Dulles, while admitting the right of the State to inflict capital punishment, argues that "killing should be avoided if the purposes of punishment can be obtained by bloodless means." These purposes of punishment are: "rehabilitation, defense against the criminal, deterrence, and retribution." He argues that, while the death penalty does not rehabilitate the criminal to society, it may lead him to a relationship with God; he believes defense (in our day and age) can be accomplished by life imprisonment without parole; he believes execution is not effective as a deterrent. His argument against retribution rests on the idea that, in our secular society, execution is viewed not as a ministration of justice, but as an instrument of the will and anger of the people. He argues that, since imprisonment serves the purposes of punishment as well or better and since unjust execution may occur, the death penalty should be avoided as a punishment (though it is not unjust in se).

Cardinal Dulles' argument, however, fails to take into account the human dignity of the victim who also is made in the image of God. God commands, "Whoso sheddeth man's blood, by man shall his blood be shed: for in the image of God made he man." Rather than being a simple proof text, this text reveals the nature of the evil of murder. Made in the image and likeness of God, even fallen man is crowned with the dignity and preciousness that his integrity as a distinct person demands. Human personhood is dependent for being on God, who is Being itself. The Father, Son, and Holy Spirit are the only non-dependent beings; thus, for a man to violate the personhood of another man through murder is to set himself up as God, the only giver and taker of life.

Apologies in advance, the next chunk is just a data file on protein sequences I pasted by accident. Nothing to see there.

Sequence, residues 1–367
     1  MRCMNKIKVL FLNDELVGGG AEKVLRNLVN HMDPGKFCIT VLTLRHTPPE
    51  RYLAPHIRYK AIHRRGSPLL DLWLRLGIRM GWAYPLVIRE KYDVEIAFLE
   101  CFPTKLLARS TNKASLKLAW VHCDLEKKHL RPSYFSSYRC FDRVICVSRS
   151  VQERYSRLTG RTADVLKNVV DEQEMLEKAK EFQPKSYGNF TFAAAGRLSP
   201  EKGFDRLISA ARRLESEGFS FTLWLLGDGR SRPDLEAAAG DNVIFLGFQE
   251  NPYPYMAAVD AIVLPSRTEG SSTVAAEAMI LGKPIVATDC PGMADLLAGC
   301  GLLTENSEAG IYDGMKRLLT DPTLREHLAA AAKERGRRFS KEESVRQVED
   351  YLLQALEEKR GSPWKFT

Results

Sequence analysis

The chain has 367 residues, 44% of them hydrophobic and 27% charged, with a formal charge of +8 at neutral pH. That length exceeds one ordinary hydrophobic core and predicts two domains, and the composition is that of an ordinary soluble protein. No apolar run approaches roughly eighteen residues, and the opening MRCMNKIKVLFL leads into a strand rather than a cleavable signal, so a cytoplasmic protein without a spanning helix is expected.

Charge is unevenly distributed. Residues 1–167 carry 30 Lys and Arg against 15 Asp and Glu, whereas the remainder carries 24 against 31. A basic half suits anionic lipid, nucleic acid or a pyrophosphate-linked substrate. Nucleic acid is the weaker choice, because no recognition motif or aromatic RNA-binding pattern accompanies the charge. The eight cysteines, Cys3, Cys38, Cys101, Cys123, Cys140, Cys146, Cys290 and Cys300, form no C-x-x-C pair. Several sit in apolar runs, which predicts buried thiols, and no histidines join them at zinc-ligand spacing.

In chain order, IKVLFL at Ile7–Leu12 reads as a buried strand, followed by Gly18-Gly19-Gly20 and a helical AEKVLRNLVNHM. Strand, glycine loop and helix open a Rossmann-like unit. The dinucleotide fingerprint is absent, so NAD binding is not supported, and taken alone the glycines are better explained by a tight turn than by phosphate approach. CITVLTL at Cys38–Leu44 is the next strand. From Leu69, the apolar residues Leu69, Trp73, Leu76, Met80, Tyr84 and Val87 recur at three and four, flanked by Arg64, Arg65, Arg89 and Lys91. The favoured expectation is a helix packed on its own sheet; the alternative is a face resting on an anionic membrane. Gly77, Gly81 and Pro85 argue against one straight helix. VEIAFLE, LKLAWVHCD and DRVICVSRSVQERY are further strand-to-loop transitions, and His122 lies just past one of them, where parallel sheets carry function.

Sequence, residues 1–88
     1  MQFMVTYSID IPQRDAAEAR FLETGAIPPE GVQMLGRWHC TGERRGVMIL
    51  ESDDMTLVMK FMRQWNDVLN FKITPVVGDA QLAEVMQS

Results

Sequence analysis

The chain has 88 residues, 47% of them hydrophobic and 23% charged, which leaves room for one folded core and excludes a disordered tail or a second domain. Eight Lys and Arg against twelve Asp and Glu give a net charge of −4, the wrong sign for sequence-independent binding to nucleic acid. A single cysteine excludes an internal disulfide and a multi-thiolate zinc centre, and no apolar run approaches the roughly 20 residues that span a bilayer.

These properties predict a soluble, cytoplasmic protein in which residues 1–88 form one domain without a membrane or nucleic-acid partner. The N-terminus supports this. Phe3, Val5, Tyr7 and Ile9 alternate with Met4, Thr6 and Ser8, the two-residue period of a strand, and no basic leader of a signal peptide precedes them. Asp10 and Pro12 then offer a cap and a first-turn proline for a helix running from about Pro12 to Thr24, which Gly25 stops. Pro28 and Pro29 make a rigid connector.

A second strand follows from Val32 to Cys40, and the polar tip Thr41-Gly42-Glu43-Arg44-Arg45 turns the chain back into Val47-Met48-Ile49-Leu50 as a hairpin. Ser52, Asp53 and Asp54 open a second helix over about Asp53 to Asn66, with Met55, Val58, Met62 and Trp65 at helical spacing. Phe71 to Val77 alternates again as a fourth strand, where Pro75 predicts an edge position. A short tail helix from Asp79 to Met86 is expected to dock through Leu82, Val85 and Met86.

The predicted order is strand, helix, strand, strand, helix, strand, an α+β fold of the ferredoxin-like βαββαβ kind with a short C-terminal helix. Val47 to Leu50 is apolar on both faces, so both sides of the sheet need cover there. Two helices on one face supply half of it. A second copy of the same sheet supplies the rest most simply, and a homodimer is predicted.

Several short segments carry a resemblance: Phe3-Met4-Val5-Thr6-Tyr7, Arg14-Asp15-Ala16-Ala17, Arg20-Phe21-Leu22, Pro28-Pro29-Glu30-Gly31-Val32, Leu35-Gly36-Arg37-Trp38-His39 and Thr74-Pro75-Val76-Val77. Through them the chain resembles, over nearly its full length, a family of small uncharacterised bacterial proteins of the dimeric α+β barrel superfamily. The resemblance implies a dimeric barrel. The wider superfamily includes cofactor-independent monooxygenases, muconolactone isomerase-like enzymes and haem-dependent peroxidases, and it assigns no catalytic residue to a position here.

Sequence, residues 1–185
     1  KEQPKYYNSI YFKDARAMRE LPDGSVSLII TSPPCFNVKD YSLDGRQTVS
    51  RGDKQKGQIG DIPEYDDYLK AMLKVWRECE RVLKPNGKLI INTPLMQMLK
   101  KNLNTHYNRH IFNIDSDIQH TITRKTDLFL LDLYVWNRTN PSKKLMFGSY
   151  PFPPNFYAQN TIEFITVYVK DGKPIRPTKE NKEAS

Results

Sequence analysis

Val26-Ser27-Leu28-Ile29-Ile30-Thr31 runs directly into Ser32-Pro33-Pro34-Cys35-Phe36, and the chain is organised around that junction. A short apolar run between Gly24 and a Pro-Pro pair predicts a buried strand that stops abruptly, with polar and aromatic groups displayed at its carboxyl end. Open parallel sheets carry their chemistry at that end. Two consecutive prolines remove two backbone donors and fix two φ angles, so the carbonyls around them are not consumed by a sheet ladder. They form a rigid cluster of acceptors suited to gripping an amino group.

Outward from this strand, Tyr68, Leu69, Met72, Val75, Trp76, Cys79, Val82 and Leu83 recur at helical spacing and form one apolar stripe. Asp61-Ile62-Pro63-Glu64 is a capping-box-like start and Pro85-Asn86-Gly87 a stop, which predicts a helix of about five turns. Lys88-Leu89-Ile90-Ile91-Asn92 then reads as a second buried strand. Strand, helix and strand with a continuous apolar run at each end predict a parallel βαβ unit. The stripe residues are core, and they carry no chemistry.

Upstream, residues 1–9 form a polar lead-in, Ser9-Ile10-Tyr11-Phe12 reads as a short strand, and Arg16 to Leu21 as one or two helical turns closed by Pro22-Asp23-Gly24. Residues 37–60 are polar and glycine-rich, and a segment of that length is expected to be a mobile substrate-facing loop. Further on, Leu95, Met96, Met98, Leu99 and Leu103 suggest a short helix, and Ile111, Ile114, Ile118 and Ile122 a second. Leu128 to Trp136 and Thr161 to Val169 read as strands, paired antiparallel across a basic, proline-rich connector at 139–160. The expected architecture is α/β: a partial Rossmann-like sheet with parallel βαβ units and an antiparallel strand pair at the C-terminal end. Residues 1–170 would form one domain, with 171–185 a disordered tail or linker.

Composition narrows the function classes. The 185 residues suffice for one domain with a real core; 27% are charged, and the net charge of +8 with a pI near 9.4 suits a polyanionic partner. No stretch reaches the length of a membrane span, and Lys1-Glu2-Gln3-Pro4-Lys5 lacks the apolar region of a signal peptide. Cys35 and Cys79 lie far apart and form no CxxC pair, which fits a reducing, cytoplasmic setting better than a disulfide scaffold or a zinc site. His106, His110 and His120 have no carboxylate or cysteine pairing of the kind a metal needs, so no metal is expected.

In the case of government, various levels of authority over persons are delegated by God. This is, of course, recognized by St. Paul, but is also noted by our Lord when he says to Pilate, "Thou couldest have no power at all against me, except it were given thee from above." Government therefore, consciously or not, derives its authority over man – especially in the realm of capital punishment – from God; legitimacy is something, perhaps, that government gain from popular consent. Men cannot give government the power to execute, that power can only be delegated by God.